Locating, Understanding, and Replacing Fuses

If any electrical system in your vehicle stops working, there’s a good chance that the only thing you’ll need to do is replace a fuse. Finding your fuse box, identifying what is what, and knowing how to replace fuses may seem like something that you don’t want to do on your own, but it usually only takes minutes, and being able to replace fuses yourself can save you money.

What Are Fuses?

Fuses are put in place to protect a vehicle’s electrical systems. The fuse acts as a connector between the system it’s attached to and a power source. If a system somehow gets fed too much power, the fuse will blow, which severs the electrical system from the power source.

A fuse generally looks like a small plastic square with two small metal prongs sticking out one side of it. In the middle of the plastic part there will be a small piece of metal, called a filament. When a fuse goes bad, the filament breaks.   

Where Is My Fuse Box?

Most cars have a fuse box under the hood and under the dash. If you have trouble finding your fuse box, look in your vehicle’s manual to find its location.

How Do I Know Which Fuse to Replace?

Finding the right fuse to replace may seem like a daunting task due to the large number of fuses in the fuse box. There’s usually an electrical diagram inside the fuse box that will tell you what you need to know. If the diagram isn’t in the box, it should be in your driver’s manual. The diagram will tell you which fuse does what. Numbers printed on the fuses will help you identify them. While looking into your fuse box, you should be able to see all of the fuses’ numbers. If you have difficult reading the diagram, then just pull out fuses until you find the one that looks burned or one that has a broken filament.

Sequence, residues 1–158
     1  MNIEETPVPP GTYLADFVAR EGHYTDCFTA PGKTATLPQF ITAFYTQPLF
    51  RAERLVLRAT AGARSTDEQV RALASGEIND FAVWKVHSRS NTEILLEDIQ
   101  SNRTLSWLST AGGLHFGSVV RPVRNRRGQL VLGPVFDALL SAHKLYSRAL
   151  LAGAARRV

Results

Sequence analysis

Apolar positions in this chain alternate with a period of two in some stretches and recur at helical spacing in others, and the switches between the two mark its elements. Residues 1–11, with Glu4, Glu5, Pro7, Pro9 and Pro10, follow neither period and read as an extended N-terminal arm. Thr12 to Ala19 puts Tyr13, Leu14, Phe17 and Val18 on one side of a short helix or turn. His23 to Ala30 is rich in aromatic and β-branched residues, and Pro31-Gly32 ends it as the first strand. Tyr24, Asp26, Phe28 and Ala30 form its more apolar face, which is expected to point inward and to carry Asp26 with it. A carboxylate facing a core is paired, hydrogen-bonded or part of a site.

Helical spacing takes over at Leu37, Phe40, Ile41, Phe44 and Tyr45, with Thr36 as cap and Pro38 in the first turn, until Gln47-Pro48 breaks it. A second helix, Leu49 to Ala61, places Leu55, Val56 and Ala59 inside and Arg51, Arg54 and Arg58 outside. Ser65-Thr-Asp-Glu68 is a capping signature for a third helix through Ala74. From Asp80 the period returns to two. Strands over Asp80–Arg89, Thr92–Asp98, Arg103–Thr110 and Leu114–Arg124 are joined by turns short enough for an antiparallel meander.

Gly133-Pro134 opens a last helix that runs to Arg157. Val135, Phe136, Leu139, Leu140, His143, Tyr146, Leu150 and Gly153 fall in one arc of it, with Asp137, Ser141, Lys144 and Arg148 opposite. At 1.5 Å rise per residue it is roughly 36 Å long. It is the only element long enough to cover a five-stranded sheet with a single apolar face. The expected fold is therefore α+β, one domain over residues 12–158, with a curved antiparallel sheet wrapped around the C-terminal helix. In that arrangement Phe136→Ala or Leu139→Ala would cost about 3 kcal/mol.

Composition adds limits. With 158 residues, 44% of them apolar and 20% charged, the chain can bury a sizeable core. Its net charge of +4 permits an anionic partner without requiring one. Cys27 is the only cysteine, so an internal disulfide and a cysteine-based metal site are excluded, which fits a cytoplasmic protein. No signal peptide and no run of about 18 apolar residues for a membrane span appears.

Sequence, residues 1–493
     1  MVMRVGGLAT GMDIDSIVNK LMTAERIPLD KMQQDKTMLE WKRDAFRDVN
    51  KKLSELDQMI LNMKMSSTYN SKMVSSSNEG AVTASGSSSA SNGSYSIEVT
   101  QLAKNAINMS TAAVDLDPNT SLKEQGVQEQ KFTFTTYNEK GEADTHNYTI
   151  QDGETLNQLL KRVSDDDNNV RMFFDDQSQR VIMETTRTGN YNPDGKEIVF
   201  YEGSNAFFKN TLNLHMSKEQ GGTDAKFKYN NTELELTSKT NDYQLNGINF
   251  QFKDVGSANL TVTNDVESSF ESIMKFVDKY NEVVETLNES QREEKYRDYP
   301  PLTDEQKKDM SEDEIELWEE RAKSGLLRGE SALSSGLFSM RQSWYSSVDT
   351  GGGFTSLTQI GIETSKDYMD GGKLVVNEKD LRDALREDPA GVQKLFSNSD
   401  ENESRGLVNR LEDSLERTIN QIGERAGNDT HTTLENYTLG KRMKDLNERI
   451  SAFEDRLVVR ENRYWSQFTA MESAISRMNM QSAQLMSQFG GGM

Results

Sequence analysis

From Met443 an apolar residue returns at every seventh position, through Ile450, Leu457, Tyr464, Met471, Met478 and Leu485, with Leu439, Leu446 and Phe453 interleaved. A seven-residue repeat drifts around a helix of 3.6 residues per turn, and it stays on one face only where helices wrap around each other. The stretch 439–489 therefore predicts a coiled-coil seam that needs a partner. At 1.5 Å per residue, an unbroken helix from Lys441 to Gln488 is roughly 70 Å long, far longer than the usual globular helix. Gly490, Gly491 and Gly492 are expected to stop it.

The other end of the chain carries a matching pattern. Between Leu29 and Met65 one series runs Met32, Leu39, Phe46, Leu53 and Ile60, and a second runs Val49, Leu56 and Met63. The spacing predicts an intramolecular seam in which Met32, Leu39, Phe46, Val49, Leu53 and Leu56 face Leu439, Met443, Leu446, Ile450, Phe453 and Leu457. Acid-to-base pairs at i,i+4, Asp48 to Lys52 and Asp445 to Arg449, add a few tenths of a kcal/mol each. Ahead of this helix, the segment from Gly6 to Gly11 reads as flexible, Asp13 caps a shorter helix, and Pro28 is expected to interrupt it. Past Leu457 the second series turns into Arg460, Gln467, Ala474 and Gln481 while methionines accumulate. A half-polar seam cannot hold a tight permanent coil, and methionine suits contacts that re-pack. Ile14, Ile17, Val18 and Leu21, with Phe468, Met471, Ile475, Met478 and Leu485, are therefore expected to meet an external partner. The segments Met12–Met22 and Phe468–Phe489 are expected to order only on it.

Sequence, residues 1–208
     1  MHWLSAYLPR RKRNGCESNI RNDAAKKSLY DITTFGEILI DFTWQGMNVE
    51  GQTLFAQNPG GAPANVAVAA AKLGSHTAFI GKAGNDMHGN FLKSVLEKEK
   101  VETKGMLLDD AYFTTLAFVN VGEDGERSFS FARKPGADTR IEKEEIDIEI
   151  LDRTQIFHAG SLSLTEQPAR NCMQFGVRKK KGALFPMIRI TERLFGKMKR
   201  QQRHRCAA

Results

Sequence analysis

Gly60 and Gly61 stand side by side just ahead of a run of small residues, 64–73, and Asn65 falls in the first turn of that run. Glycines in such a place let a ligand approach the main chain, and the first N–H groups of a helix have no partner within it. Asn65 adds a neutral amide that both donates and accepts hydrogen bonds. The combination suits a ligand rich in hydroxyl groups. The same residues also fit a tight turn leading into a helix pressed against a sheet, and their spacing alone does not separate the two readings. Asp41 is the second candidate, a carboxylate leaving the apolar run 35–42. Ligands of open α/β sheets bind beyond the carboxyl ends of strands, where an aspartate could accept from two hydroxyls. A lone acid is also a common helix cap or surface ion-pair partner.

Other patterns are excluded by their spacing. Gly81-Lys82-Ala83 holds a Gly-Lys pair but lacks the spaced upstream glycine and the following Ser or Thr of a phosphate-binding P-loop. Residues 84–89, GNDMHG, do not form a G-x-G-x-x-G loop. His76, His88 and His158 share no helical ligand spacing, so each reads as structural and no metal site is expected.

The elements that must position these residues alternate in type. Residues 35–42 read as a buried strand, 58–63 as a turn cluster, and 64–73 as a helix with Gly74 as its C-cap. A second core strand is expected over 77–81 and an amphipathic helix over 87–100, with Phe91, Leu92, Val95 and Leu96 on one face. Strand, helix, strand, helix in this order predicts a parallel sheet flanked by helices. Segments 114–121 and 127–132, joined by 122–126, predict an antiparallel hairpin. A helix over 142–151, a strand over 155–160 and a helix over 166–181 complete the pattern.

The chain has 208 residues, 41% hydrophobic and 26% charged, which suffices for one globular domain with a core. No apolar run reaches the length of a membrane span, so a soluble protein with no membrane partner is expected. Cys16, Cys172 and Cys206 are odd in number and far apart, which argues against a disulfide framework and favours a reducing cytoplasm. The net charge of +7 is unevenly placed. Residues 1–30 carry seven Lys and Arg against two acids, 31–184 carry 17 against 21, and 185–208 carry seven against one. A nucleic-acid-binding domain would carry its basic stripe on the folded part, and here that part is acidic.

How Do I Replace a Fuse?

Actually replacing a fuse is easy: you simply pull it straight out of the fuse box. Fuses can sometimes be tough to pull out of the fuse box, and you may want to buy a tool called a plug puller. While not generally recommended, you can grab ahold of the fuse with pliers if you don’t have a plug puller. Just make sure you’re not squeezing too hard on the pliers because the plastic part of the fuse may break, and that will make it much more difficult to remove. After pulling the fuse, replace it with a fuse of the same number.

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